A Kennewick man was sentenced Thursday to four years in prison for using a stolen credit card, then running from police and pointing a gun at an officer during the ensuing standoff.
Dennis Jaymes Skellenger, 27, was shot in the chest during the June 15 incident in a Kennewick field and continues to have medical problems from his injuries.
He has some medical procedures scheduled in the next two weeks, so Superior Court Judge Vic VanderSchoor gave Skellenger until April 24 to report to the Benton County jail.
Skellenger then will be transferred to the state Department of Corrections.
He was given a Special Drug Offender Sentencing Alternative, meaning he received a shortened sentence and must participate in prison-based drug treatment.
The sentence includes a 12-month mandatory term.
VanderSchoor could have ordered Skellenger to serve up to seven years in prison, but went with the recommendation from both Deputy Prosecutor Terry Bloor and defense attorney Catherine Harkins.
Skellenger pleaded guilty March 6 to attempting to elude police, third-degree assault, first-degree trafficking in stolen property and second-degree possession of stolen property.
The assault charge included an enhancement for assaulting a law enforcement officer with what appeared to be a firearm.
The revolver that Skellenger pointed at Kennewick's K-9 handler Brad Kohn ended up being inoperable, but Officer Jeremy Taylor didn't know that when he saw the threat and fired a shot at Skellenger.
Police had gotten word June 15 that Skellenger was trying to return merchandise he bought with a stolen credit card at a Kennewick store.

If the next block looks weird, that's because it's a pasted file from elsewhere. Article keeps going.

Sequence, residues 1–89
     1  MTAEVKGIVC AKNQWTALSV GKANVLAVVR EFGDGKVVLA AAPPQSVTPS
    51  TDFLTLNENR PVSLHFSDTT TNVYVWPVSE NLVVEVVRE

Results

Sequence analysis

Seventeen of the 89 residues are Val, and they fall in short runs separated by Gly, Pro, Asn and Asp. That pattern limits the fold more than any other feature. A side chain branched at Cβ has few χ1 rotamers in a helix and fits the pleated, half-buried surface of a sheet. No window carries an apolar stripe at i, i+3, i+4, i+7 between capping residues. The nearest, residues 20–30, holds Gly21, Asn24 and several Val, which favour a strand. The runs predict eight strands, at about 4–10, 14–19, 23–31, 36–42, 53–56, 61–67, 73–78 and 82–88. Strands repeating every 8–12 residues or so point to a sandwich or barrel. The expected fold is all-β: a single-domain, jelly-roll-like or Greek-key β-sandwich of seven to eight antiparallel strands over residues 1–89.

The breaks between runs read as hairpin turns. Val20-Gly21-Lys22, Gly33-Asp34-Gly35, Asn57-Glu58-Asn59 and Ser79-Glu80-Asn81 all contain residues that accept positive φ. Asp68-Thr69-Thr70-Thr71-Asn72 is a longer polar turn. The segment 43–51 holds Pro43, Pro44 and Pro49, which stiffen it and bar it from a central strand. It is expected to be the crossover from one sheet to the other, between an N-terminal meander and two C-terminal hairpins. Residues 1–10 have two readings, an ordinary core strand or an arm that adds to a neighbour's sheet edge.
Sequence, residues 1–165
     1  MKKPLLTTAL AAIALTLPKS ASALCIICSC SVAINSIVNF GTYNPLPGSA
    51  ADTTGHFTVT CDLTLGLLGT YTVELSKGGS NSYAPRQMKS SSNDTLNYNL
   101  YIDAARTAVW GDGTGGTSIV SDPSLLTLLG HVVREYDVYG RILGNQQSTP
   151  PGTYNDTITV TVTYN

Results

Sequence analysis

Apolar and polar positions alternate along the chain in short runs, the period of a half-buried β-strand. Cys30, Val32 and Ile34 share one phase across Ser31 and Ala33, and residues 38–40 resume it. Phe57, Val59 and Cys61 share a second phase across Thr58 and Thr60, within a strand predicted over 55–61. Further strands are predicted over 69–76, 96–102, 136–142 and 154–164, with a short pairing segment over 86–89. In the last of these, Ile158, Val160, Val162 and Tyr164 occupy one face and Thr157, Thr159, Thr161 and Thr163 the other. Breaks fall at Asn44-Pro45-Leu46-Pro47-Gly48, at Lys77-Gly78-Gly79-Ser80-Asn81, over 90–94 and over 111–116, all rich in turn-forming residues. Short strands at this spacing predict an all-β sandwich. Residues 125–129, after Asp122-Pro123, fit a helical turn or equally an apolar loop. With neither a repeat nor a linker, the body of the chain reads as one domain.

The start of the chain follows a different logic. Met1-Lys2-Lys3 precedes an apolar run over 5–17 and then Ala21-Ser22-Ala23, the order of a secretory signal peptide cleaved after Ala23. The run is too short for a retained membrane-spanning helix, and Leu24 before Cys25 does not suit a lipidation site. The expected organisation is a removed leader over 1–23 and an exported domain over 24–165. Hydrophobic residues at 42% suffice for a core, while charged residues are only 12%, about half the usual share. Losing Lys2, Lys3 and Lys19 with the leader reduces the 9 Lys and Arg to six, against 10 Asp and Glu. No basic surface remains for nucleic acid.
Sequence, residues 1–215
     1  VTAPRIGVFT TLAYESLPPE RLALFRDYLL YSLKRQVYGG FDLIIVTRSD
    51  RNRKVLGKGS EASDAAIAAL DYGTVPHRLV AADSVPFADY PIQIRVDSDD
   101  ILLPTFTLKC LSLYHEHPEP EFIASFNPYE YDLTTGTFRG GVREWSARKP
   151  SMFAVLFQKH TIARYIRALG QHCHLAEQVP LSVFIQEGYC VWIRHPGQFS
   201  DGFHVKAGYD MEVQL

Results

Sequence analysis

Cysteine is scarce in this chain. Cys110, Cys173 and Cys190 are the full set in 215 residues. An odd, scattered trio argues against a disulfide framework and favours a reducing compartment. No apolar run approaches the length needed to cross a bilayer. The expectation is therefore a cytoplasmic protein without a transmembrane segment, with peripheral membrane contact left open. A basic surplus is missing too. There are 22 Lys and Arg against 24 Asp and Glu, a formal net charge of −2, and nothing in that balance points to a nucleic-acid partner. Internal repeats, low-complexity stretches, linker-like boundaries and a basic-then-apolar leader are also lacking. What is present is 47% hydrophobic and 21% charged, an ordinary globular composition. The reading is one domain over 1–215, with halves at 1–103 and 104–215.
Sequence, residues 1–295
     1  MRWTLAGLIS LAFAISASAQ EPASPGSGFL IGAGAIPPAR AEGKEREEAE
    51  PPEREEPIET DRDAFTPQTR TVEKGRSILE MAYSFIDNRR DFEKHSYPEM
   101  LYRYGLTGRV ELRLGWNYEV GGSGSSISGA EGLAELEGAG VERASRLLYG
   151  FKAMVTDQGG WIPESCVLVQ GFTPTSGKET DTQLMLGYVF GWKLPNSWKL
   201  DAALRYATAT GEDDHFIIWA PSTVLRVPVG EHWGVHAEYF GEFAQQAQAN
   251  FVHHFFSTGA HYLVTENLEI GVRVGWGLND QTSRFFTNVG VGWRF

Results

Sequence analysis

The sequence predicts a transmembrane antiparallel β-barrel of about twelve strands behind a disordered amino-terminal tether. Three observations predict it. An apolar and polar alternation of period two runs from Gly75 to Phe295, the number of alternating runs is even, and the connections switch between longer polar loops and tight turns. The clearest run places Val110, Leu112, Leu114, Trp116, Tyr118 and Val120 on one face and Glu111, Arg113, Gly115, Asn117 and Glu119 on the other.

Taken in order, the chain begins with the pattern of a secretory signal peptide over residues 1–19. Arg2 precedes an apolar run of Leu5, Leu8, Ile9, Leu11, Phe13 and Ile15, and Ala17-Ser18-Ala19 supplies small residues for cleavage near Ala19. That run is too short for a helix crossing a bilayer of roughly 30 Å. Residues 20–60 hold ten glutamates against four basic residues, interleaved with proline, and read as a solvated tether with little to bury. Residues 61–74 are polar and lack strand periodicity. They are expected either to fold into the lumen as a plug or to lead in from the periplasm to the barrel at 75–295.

Officers chased Skellenger's car for a short distance but backed off for public safety reasons.
"When the police attempted to pull me over, by using lights and sirens, I sped up and continued not to stop," Skellenger said in his plea statement.
The abandoned car was later found at 27th and South Keller streets, and officers tracked Skellenger down to a field near Horse Heaven Hills Park and Bethlehem Lutheran Church.
Skellenger was hiding behind a tractor and, after repeated demands to show himself, walked out with the revolver pointed at Kohn, according to police and court documents.
Taylor's bullet hit Skellenger's wrist before traveling through his back. He spent about a month at a Seattle hospital before returning to the Tri-Cities to recover. He has been in and out of the hospital since.
An independent review of the incident found Taylor was justified the in shooting.
Skellenger's criminal history includes six forgeries and one felony drug possession conviction.
-- Kristin M. Kraemer: 582-1531; email@example.com; Twitter: @KristinMKraemer